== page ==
Grindr Gang Syndicate: Gay Man’s Harrowing Ordeal in Cape Town

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Queer individuals in Cape Town are urged to be extremely cautious after a man was held ransom and robbed by criminals who lured him to a meeting through the Grindr dating app.

After the loss of his spouse earlier this year, the victim turned to the dating app for companionship, intending to chat and perhaps meet for coffee.

He connected with a man online for four or five days before arranging to meet in person on 11 June at 11:30. Initially planned for a coffee shop in Sea Point, the location was changed to a spot on the busy Shortmarket Street.

The victim walked to the new meeting point, only to find the man absent. They continued communicating via WhatsApp, with the date eventually sending the man to a nearby location.

Upon arrival at a nearby apartment building on Shortmarket Street, the victim was led to the gate where he was ambushed by two men.

One of them began strangling him and forced him upstairs where they tied him up with his shoelaces and socks. He was stripped naked and filmed. Armed with a gun and a knife, they threatened to kill him if he resisted.

Threats, Terror and Theft

The assailants used the victim’s Face ID to access his bank accounts, only to find negative balances as his funds were held elsewhere. They then demanded money from his family, forcing him to text his sister. One of the attackers managed to withdraw R3,000 from his account.

During the ordeal, the attackers threatened to sell his body parts, starting with his testicles. They communicated with someone over the phone about the potential profit from his body parts and threatened to rape him.

Eventually, the attackers covered the terrified man’s head with a towel and left him tied up, waiting for someone to collect them. The victim managed to untie himself, found two sets of keys in the kitchen, and used one set to unlock the gates and escape.

Reporting and Indifferent Police Response

Seeking help, he encountered a traffic police officer who refused to assist, suggesting he call the police instead. His sister fetched him and took him to the Sea Point police station, where the captain directed them to the Cape Town CBD SAPS. There, he gave a statement and handed over the keys to the property.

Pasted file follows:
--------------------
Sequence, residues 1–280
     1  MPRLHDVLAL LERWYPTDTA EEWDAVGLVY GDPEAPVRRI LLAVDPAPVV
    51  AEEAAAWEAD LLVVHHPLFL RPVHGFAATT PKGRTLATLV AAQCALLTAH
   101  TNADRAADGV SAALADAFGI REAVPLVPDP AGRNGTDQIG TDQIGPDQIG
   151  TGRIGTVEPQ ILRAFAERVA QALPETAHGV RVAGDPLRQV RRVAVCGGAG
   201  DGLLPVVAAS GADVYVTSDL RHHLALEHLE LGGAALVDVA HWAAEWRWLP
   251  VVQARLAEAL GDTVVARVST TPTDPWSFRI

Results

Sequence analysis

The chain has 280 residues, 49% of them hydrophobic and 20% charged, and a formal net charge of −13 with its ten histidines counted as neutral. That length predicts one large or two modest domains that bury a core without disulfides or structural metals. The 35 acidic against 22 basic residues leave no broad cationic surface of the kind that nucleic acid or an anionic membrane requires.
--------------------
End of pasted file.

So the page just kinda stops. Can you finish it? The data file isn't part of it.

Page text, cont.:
The attackers had gained access to the victim’s social media accounts and changed his passwords, logging him out and blocking him. He eventually regained access to his iCloud but found the Find My iPhone feature disabled.

Despite informing the police about possible evidence at the crime scene, urging immediate forensic action, and being able to identify the location, he says he received no urgency from officers. The victim also requested that the police track his phone but was told that this required a court order and would take weeks.

The traumatised man is now receiving counselling to help him process the ordeal that he endured.

A National Crisis With No Sign of Ending

South Africa has been plagued by an ongoing epidemic of violent and sometimes deadly abductions and robberies targeting members of the LGBTQ+ community on dating apps and sites for several years.

While most incidents have been reported in Gauteng, four men were arrested last year in connection with 13 cases in the Durban area. They were charged with murder, robbery with aggravating circumstances, and kidnapping. One of their alleged victims, 43-year-old Kuben Kevin Archary, was strangled to death in a guest house in July 2023.

While most victims have reported being lured through the Grindr dating app, criminals also use other platforms including Surge and Facebook to target members of the LGBTQ+ community.

These incidents stand out as hate crimes because the victims are targeted based on their sexuality, are potentially more vulnerable due to social stigma, and because they are less likely to report the attacks out of fear of being outed, shamed, or facing secondary victimisation from the authorities.

Additionally, victims often receive uncaring and incompetent service from police officials who show little interest in taking prompt or effective action.

  • To read Mamba’s online dating and hook-up safety tips, click here
  • To read Grindr’s safety and privacy guidelines, click here

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